But Christianity is embattled by the secularized ecumenical post-millenialism that just is The Cathedral. The irony is that The Cathedral is fighting the old religious wars against its rivals, but its adaptive camouflage is so successful that those rivals don’t (or won’t/refuse to) see it for what it is. And instead of fighting back they (at least the hierarchies that want to share crumbs of power in the progressive state) they capitulate in order to curry favor with fashionable opinion.

  5. SMERSH says:

    “If progressive Christianity is really the bastard spawn of Christianity, don’t the Orthodox at least need to call out their enemy? Yet when I – is there any other non-religious commenter on the interwebz more pro-religion that me? – criticize progressive Christianity, my Orthodox readers jump to the defense of their supposed enemy.”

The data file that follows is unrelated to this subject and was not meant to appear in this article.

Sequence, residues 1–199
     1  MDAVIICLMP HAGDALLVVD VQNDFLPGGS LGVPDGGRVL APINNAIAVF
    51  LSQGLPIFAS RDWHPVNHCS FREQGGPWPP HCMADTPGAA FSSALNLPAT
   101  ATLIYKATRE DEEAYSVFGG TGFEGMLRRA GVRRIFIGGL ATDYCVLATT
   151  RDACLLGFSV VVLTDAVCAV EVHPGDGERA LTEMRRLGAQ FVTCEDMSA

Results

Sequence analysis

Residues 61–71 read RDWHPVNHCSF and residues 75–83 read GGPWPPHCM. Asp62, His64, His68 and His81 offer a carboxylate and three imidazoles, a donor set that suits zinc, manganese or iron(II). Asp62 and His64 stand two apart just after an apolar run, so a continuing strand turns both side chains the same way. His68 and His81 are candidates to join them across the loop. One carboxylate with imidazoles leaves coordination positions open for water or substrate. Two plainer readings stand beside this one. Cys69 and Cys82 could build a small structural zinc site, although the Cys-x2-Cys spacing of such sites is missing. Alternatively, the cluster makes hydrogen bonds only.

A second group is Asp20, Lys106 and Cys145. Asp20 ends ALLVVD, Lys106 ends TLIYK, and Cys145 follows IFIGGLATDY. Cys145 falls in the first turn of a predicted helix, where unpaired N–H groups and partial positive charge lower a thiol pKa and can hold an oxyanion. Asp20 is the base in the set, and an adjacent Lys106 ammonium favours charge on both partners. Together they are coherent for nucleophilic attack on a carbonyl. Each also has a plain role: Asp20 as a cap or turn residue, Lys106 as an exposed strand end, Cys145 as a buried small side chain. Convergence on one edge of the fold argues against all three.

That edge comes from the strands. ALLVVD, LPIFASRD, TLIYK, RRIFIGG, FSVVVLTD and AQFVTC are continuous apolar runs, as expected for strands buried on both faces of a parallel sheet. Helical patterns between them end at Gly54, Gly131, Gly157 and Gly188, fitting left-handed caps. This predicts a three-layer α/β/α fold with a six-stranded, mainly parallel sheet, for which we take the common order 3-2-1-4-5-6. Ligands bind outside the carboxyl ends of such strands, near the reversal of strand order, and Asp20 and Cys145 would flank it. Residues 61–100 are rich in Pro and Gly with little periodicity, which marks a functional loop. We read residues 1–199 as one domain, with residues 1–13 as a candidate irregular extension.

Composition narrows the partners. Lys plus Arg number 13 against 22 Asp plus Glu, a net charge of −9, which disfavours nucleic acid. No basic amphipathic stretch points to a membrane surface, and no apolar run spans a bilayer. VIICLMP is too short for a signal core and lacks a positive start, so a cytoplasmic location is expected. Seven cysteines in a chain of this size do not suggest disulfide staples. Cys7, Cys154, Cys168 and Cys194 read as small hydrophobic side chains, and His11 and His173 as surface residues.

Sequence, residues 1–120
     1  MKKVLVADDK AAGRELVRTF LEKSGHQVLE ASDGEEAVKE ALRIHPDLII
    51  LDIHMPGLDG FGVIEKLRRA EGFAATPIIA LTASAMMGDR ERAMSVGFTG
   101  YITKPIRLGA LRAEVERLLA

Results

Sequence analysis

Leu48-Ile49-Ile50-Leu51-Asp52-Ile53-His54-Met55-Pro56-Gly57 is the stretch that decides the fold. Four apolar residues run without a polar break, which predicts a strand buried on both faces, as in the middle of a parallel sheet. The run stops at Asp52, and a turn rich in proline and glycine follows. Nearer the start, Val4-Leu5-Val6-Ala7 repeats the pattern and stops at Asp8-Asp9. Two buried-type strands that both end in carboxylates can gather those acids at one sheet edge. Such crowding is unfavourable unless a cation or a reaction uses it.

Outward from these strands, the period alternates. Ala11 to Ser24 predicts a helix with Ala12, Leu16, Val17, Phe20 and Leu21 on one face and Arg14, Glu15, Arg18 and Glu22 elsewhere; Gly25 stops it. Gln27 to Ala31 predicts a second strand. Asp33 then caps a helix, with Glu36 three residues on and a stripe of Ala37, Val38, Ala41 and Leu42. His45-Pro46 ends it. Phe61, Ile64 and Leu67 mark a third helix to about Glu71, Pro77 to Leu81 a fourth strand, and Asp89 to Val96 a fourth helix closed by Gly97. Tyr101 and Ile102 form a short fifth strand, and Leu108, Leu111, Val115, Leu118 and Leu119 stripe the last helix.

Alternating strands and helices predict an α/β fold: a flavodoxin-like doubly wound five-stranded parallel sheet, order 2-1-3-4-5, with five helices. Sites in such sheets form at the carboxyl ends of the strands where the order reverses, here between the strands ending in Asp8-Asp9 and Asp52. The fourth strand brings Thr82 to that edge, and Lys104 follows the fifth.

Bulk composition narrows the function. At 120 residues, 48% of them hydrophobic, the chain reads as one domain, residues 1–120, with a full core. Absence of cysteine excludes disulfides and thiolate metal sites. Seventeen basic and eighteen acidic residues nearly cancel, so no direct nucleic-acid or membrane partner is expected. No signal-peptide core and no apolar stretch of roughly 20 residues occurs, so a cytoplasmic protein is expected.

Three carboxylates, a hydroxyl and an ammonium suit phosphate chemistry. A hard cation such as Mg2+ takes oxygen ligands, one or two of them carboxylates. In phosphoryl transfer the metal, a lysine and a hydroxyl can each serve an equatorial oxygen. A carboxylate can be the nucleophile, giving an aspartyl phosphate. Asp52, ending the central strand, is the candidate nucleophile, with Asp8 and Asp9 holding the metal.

Yes, thank you for making this point.

    Heretics should be chastised. But what do (small o) orthodox, non-heretical (or more likely semi-heretical) Christians have to say about progressive, heretical Christians? All too often they say “He’s a good Christian, just a bit misguided about politics”.

    It is a bit presumptuous for Christian reactionaries to lecture agnostic and Pagan reactionaries, while most of Christianity remains in the grip of the blackest heresy and while there is little in the way of an ongoing effort to chastise those heretics.

    At times it seems as though religion trumps politics and there is insufficient recognition of the fact that progressive Christianity is in fact, a heresy, IE: not the same religion as small o orthodox Christianity.